This edition of Commentary offers reflections on the importance of the pivotal and potentially transformative times we are experiencing, from the perspective of the United States, with particular reference to social insurance and the work of the National Academy of Social Insurance. The past year has been another extraordinarily distressing one in many ways. The exhausting COVID-19 pandemic continues to wreak havoc on the lives of millions worldwide with no end of its variants in sight. The economy has not fully recovered from the recession, although there are promising signs for some subgroups of the population. America’s grand experiment in governance seems to be at an intensely polarized crossroads. Moreover, the financial futures of nonprofit organizations like the Academy remain uncertain; unlike many non-profits that were forced to close due to the pandemic, the Academy has survived. Our imperative now is to build on our momentum, grow, and have a more demonstrable future impact on public policy. Now, more than ever, the Academy’s ability as a trustworthy convener of expertise is essential to the development of sound public policy. Never before in the Academy’s over 35-year history have we had Study Panels, Task Forces, and other platforms focused on every social insurance pillar including Social Security,
Medicare, Unemployment Insurance, Workers’ Compensation, and Universal Family Care.
The modern welfare state had its origins in the late 19th century in Europe, beginning with “workingmen’s insurance,” which included forms of industrial accident compensation, health insurance, and old-age pensions. In the United States, the first form of social insurance was state-based Workers’ Compensation. The American blueprint was initially devised by Isaac M. Rubinow, whose landmark study, Social Insurance, was published in 1913. President Roosevelt’s Secretary of Labor led the drafting of the historic and monumental 1935 Social Security Act. It offered a capitalist alternative to full-fledged socialism. Historically, social insurance programs, like Social Security and Medicare, have filled major gaps that the private sector has proven unable to fill. Our nation has developed a delicate balance among the roles of federal and state governments, businesses as employers, and individuals, in providing social protection. The partisan atmosphere we are experiencing today has historical roots. Throughout our modern history, political parties have differed on how to achieve the right balance. The political lexicon is rife with charged labels deployed by ideological opponents of various approaches, like “creeping socialism,” “unfair redistribution,” and “greedy profiteering.” Demeaning and cynical references to public service and government officials are also widespread. Many times in the past, however, we have come together as a nation to address pressing problems that threatened to disrupt the social and economic stability that a well-functioning representative form of government and a sound economy requires.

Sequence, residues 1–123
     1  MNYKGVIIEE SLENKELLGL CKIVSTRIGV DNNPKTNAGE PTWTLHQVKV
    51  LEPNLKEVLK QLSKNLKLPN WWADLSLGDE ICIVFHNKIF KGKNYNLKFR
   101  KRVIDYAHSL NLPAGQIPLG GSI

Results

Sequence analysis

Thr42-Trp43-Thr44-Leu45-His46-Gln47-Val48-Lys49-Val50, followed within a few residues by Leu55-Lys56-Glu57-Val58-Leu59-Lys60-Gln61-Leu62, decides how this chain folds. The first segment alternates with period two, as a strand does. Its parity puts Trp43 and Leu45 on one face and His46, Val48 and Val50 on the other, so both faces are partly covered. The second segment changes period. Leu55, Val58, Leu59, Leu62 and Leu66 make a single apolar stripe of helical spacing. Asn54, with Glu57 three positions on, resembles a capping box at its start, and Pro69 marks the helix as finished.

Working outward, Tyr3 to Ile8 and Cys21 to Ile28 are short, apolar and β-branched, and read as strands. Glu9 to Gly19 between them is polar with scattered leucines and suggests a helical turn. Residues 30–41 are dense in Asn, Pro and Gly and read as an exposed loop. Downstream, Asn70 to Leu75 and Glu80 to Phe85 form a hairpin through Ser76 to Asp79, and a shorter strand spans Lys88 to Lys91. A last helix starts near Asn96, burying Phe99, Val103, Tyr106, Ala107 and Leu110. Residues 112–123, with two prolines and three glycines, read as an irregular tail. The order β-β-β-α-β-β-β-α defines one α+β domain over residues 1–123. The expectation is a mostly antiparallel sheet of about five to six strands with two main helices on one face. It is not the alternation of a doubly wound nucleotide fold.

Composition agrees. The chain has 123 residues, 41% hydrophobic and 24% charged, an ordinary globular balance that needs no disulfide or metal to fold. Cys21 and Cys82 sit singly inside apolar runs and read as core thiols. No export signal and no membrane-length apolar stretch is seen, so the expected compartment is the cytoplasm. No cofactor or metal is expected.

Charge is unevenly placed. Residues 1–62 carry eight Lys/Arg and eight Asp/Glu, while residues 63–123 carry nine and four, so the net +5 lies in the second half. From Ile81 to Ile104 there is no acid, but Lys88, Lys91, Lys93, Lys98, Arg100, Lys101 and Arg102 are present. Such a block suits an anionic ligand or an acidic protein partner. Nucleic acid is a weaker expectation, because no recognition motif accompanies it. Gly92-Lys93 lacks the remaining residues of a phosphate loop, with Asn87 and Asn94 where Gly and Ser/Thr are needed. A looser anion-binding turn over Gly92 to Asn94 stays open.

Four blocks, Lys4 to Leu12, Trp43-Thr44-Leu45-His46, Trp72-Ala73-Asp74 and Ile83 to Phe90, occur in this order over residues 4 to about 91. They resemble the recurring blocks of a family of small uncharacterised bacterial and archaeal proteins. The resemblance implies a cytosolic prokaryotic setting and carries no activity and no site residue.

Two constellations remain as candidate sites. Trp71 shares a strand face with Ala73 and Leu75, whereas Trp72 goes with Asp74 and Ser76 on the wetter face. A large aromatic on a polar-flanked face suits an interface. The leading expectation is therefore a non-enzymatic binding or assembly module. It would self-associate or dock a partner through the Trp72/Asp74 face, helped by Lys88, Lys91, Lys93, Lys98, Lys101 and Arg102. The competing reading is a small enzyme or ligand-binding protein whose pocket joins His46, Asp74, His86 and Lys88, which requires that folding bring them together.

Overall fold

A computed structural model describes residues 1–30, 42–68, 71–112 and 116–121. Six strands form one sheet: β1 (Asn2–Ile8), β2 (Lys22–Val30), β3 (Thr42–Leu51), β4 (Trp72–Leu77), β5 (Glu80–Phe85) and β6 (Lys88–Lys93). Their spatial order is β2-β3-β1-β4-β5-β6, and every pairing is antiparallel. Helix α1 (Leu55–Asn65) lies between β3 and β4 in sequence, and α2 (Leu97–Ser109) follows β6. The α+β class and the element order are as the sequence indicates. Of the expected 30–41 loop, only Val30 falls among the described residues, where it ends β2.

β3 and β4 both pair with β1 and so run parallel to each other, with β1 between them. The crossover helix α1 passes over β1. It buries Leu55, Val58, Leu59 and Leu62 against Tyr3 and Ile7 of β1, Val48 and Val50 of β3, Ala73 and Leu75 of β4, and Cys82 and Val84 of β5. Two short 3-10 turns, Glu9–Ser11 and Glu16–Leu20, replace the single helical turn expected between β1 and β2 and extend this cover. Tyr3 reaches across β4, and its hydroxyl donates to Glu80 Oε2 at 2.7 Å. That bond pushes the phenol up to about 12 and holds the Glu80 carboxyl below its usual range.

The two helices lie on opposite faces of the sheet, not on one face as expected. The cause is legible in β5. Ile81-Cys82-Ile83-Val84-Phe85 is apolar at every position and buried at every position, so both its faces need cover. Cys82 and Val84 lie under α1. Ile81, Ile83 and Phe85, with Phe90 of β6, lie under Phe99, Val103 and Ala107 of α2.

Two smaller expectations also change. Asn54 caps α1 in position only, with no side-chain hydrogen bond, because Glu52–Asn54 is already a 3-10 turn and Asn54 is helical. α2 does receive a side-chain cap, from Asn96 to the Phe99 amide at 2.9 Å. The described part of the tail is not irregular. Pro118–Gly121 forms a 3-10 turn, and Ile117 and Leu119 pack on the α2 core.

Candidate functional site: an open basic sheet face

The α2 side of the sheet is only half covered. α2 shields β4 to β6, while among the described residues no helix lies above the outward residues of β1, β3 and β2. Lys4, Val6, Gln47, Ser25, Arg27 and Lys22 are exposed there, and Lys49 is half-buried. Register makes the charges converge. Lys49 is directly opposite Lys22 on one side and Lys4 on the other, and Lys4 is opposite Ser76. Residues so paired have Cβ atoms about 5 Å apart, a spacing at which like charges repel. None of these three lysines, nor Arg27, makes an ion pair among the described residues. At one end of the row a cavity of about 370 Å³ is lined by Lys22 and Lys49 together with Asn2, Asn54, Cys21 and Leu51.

The ecosystem of social insurance and related programs is a major factor in increased government spending today. Our nation has developed a hybrid mix of governmental and market-based policies directed at providing some level of economic and health security to its population. Unlike most other nations, the United States places greater reliance on private sector approaches that feature more “individual self-reliance” offered through a consumer-driven marketplace, which presumes a level of competition and equal access to goods and services. The American approach to social protection consists of varied, usually uncoordinated and sometimes conflicting, policies with disparate results, especially for communities of color and other minorities. Inequality remains a persistent source of potential social instability. This framework is a stark differentiator of the United States when it comes to health security, but also economic (particularly retirement) security. The United States remains seriously divided over a host of critical issues. One of the most significant is over the appropriate role of government in personal lives and in the nation’s economy. A recent issue of The Economist (“The triumph of big government,” November 20, 2021) explored this issue: Because of the pandemic, governments are spending increasing percentages of their Gross Domestic Products (GDP). Their debt-to-GDP ratios are increasing. Many countries have ageing populations that will demand vastly more spending on health care and pensions. It labeled this trend as part of the long-term threat of a big state. The economic impact of more government spending is that prices of the services welfare states provide, such as health care and education, grow faster than the economy because of their high labor intensity and low rates of productivity increase. The current spike in inflation supports this perspective. The difference between good government and bad government will be observed in societies that are fairer and a lot more prosperous. The nature, not the size, of the state’s interventions will be what matters most. The difficulty that the current Administration and Congress have had in passing both forms of infrastructure legislation is evidence of a breakdown in the degree of bipartisanship needed to address the nation’s most pressing problems.